EDITOR'S NOTE: To most investors, the bond market is like a weather forecast. Turn on CNBC or Bloomberg and you’ll receive an update on the 10-year yield after hearing the latest stock market news. That’s fine for most people. You want to know whether we’re expecting sunny skies, chill, or rain up ahead. But for specialists like Jeffrey Gundlach, aka “the Bond King,” you’ve got to look at the micro climate: the 2-year, 3-year, 5-year, and more. These all make up the smaller strands of the “yield curve,” a word we hear only when the 10-year is higher than the 30-year. From Gundlach’s perspective, there are many inversions, all pointing to higher short-term rates versus long. What might this spell? R-E-C-E-S-S-I-O-N. How soon? Read on.
Bond king Jeffrey Gundlach has a lot on his mind as it pertains to markets when Yahoo Finance sits down with the DoubleLine founder at length inside his California estate on the first trading day of 2022.
China isn't a great market to be investing in, contends Gundlach. Stock valuations as measured by the DoubleLine favorite the CAPE ratio appear too rich, says Gundlach.
But it's Gundlach's warning on the path of the U.S. economy — in part caused by looming interest rate hikes by the Federal Reserve — that perhaps warrants the most attention by investors large and small after a strong run-up in equity prices last year.
"We have the highest two-year yield of the past year. We have the highest three-year yield. We have basically a high on the five-year yield. And so what's happening is the yield curve is sending a bonafide recessionary signal. You have interest rates going up at the short end and going down at the long end," explains Gundlach ahead of his third annual 'Roundtable Prime' investing panel at DoubleLine's headquarters.
The basic mechanics of a flattening yield (which could then lead to an inverted curve) as a recession predictor goes a little something like this: markets start to worry the Fed will slowdown an overheated economy by increasing interest rates which in turn triggers an economic slowdown. That then leads to a period of renewed lower interest rates from the Fed as they attempt to stave off a recession.
To wit, a yield curve inversion has preceded every recession of the past 50 years.
Indeed this junction may be where markets are at present as the Fed seeks to turn into an inflation fighter inside of a global health pandemic by 1) winding down its quantitative easing (QE) campaign; and 2) signaling a path of higher interest rates in 2022 and beyond.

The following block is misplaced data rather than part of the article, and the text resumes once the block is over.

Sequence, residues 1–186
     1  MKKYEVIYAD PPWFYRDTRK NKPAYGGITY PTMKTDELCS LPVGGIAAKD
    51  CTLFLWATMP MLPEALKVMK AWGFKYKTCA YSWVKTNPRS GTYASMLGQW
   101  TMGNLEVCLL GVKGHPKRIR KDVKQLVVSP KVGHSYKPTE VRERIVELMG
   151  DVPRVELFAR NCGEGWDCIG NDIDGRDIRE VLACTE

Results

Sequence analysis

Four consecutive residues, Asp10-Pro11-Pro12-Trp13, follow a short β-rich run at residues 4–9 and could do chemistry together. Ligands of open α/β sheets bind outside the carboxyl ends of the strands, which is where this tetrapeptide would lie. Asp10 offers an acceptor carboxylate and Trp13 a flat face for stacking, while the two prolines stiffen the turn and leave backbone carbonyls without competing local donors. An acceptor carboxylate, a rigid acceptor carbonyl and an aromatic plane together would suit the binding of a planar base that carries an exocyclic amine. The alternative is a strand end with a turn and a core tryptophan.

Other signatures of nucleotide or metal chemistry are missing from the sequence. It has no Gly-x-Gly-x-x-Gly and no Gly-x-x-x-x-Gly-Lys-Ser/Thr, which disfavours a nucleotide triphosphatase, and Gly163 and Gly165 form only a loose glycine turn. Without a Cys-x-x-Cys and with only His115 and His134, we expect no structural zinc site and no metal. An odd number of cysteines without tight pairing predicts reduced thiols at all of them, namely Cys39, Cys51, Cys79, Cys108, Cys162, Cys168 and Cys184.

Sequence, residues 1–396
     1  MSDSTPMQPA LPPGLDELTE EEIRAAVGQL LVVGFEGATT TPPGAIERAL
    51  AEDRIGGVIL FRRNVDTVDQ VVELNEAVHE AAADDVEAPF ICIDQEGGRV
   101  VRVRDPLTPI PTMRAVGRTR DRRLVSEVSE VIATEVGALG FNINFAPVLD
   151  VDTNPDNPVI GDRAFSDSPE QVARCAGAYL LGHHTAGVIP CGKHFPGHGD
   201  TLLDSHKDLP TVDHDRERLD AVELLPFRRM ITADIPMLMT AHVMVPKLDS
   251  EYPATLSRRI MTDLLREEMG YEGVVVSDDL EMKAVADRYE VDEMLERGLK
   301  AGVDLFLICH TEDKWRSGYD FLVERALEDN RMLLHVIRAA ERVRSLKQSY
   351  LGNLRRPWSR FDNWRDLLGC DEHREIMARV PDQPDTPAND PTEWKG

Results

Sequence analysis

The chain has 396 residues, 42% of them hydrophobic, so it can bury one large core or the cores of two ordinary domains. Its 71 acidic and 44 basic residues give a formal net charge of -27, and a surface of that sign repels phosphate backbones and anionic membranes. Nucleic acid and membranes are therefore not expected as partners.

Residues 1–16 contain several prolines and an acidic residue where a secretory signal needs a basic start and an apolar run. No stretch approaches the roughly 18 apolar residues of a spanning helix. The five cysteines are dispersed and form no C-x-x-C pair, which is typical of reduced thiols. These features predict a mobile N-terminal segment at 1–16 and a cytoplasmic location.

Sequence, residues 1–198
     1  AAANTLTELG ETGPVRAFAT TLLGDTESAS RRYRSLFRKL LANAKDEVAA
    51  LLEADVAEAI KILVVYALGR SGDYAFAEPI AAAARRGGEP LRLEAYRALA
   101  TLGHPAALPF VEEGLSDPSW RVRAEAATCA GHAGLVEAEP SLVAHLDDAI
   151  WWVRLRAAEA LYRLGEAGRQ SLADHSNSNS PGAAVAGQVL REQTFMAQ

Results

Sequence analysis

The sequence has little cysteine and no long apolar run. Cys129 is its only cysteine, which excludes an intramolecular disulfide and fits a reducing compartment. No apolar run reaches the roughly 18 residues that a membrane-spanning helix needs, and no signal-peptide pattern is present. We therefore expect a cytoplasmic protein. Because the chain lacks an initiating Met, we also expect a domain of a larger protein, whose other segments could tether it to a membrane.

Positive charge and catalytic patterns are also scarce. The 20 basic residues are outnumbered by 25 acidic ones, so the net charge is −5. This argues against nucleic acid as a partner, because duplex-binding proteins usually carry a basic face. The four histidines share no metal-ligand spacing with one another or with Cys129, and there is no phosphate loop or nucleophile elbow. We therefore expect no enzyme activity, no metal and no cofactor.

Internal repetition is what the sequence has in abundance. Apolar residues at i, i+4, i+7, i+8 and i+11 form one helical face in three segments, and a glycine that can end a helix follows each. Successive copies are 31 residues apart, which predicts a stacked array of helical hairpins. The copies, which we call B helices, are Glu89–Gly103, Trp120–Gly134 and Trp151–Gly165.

As Factset recently pointed out, the spread between the 10-year and two-year Treasury yield narrowed to 79 basis points at the end of 2021. In March of last year — or well before the Fed signaled it would move into a period of tighter policy — that spread tallied 160 basis points. Looked at another way, the yield curve is flattening ... starting the clock on a key recession indicator used by pros such as Gundlach.
Gundlach believes the bond market is suggesting an economic slowdown is in the cards this year. And as such, the yield curve is a must watch for investors right out of the gate.
Adds Gundlach, "I think the bond market is already showing enough of a recession indicator that by 2023 it's seems pretty likely. And I, like I said earlier, I don't think a lot of Fed officials, economists and investors appreciate the fact the economy keeps buckling at lower and lower interest rates. So I think the Fed only has to raise rates four times and you're going to start seeing really a plethora of recessionary signals. I think it's certainly a non-zero probability that you get a recession in the latter part of 2022. That's going to be dependent again on how aggressive the Fed is. One thing that we did notice in 2018 is the Fed stopped QE, they started quantitative tightening — letting the bonds roll off. And then they started raising interest rates and we got an instantaneous bear market."
Originally posted on Yahoo Finance.